Need help breaking free from addiction?
Call 24/7 for treatment options. Who Answers?

Greatly Depressed


My friend is greatly depressed following divorce. He has resorted to drinking a tremendous amount of alcohol. He often says the he no longer wants to live, but does not have the ‘guts’ to commit suicide. I’ve listened to him and have been empathetic to him. I have suggested counseling, rehab, and faith. He rejects my suggestions. I’m afraid I’ll get burned out with helping him and he’ll have no where to turn. Any suggestions?

This Disclaimer applies to the Answer Below
  • Dr. Dombeck responds to questions about psychotherapy and mental health problems, from the perspective of his training in clinical psychology.
  • Dr. Dombeck intends his responses to provide general educational information to the readership of this website; answers should not be understood to be specific advice intended for any particular individual(s).
  • Questions submitted to this column are not guaranteed to receive responses.
  • No correspondence takes place.
  • No ongoing relationship of any sort (including but not limited to any form of professional relationship) is implied or offered by Dr. Dombeck to people submitting questions.
  • Dr. Dombeck, Mental Help Net and CenterSite, LLC make no warranties, express or implied, about the information presented in this column. Dr. Dombeck and Mental Help Net disclaim any and all merchantability or warranty of fitness for a particular purpose or liability in connection with the use or misuse of this service.
  • Always consult with your psychotherapist, physician, or psychiatrist first before changing any aspect of your treatment regimen. Do not stop your medication or change the dose of your medication without first consulting with your physician.

It’s normal enough that your friend would go through a depression-like period post divorce, assuming he didn’t want the divorce, and/or felt personally betrayed by the failure of the marriage. However, under most circumstances, such an injury would fade after a time (a few months, maybe a year or two on the outside) and he’d get on with his life. You don’t mention how long its been, but you do mention that he is drinking heavily, and you (and he) should know that that is a complicating factor. Alcohol is actually a depressant drug and can cause depression in some cases, or exacerbate an existing depression in others. It is far less likely that your friend will get better so long as he is drinking. Another potentially complicating factor is whether your friend has any previous history of depression or maltreatment/abuse in his life. To the extent that he does, his chances of spontaneous remission, which are normally quite good, go down.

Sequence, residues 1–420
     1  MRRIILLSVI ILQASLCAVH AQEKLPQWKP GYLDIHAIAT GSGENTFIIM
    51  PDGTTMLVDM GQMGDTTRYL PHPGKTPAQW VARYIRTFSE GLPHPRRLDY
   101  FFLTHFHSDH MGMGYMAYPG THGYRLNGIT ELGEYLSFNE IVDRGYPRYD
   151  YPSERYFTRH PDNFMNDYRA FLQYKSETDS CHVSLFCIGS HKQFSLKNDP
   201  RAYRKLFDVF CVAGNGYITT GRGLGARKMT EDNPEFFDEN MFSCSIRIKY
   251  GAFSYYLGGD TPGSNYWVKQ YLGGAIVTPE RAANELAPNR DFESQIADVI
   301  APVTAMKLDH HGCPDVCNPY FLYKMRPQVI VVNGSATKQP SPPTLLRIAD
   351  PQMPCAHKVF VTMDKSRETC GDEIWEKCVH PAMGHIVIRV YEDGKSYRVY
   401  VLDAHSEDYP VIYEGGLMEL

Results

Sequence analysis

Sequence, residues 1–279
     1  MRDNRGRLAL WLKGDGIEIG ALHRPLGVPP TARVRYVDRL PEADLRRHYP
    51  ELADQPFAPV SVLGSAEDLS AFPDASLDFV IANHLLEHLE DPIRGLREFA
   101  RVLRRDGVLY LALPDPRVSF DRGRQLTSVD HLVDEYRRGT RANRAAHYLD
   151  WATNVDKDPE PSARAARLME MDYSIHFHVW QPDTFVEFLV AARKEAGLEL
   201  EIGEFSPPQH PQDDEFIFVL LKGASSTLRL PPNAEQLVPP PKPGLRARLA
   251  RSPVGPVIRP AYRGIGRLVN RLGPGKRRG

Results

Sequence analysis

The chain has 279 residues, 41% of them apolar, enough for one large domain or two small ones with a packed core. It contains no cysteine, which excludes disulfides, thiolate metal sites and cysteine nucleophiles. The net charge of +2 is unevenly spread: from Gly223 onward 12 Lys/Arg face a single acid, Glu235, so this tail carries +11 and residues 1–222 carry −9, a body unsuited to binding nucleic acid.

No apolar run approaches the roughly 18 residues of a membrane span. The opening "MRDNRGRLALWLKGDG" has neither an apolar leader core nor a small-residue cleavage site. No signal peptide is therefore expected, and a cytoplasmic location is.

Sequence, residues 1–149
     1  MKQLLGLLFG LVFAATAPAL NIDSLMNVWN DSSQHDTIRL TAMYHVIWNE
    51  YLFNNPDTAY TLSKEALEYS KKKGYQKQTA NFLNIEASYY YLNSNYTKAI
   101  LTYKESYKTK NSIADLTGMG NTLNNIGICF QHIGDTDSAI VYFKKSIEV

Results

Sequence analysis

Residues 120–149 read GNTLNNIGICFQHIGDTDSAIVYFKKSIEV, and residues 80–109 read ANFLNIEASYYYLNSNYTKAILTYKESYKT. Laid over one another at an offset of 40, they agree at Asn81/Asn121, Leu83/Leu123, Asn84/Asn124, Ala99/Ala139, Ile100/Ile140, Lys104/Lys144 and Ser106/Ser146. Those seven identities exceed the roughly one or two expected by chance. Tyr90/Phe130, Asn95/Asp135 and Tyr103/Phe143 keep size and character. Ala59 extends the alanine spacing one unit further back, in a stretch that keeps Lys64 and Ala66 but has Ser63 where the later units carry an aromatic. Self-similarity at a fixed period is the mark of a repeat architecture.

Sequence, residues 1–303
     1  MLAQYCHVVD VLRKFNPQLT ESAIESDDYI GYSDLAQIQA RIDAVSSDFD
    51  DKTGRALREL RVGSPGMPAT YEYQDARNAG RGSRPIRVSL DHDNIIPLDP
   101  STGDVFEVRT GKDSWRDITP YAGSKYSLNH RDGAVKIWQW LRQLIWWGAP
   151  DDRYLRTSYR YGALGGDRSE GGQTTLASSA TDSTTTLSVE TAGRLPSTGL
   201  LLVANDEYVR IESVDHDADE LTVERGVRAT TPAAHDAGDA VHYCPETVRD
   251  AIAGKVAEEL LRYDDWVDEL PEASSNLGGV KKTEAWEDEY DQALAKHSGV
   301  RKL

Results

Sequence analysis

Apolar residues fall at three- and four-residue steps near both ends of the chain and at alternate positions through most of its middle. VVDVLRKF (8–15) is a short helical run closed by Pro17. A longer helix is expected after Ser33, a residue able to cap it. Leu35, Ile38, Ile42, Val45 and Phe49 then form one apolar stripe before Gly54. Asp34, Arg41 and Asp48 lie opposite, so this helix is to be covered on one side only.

p> It’s in the nature of a depressed person to reject help. The illness causes a warping of judgment such that everything is seen through a negative filter. While depressed, it is easy for someone to see their situation as always having been negative, and as inevitably negative so far as the future is concerned. This is not likely the case, of course, and it doesn’t make any logical sense either – but try explaining that to someone who is depressed. Even if you succeed in winning the logical argument, they’ll just simply agree and withdraw and not have the energy to follow through, or internally believe that, while the treatment you recommend would work for someone else, it won’t for themselves for whatever reason.


p> You’re not the first and won’t be the last person to try to support a friend through a depression. It’s a difficult thing you’re trying to do, as you are bound to feel helpless when your well intentioned suggestions are rejected. Please don’t give up, however. Whether or not you give up on your friend is within your power, even if you cannot otherwise compel or cajole him back towards normality of mood and motivation. I’d say that the best thing you can do for your friend is to remain in contact with him so long as he’ll let you despite the fact that he is unlikely to be pleasant company. Social support is a vital thing that can, under the right circumstances, make the difference between depression recovery and relapse. Do what you can to keep him in the loop with invitations to do fun things like you might have done prior to this difficulty. Also, keep after him with polite suggestions that he seek help from a doctor regarding his depression, and most importantly, stop drinking. Alcoholics Anonymous might be a good referral, and you might even accompany him there and help him get connected to a sponsor if you like. At the same time, you are right to fear burnout and must take steps to protect yourself from rejecting the friendship. Don’t be afraid to take a break from contacting him if you need to, and don’t worry if you get angry with him or otherwise want to yell at him; that would be your own sense of being out of control talking if you feel that way, and you’ll have to deal with that feeling one way or another if you hang around this guy. You cannot control your friend, but you can possibly have a positive influence on whether he recovers or not to the extent you have energy to spare for him.

More "Ask Dr. Dombeck" View Columnists


Call the Helpline Toll-FREE

To Get Treatment Options Now.

1-888-993-3112 Who Answers? 100% Confidential

Get Help For You or a Loved One Here...

Click Here for More Info.


Call The Toll-FREE Helpline 24/7 To Get Treatment Options Now.

100% Confidential
Get Treatment Options From Your Phone... Tap to Expand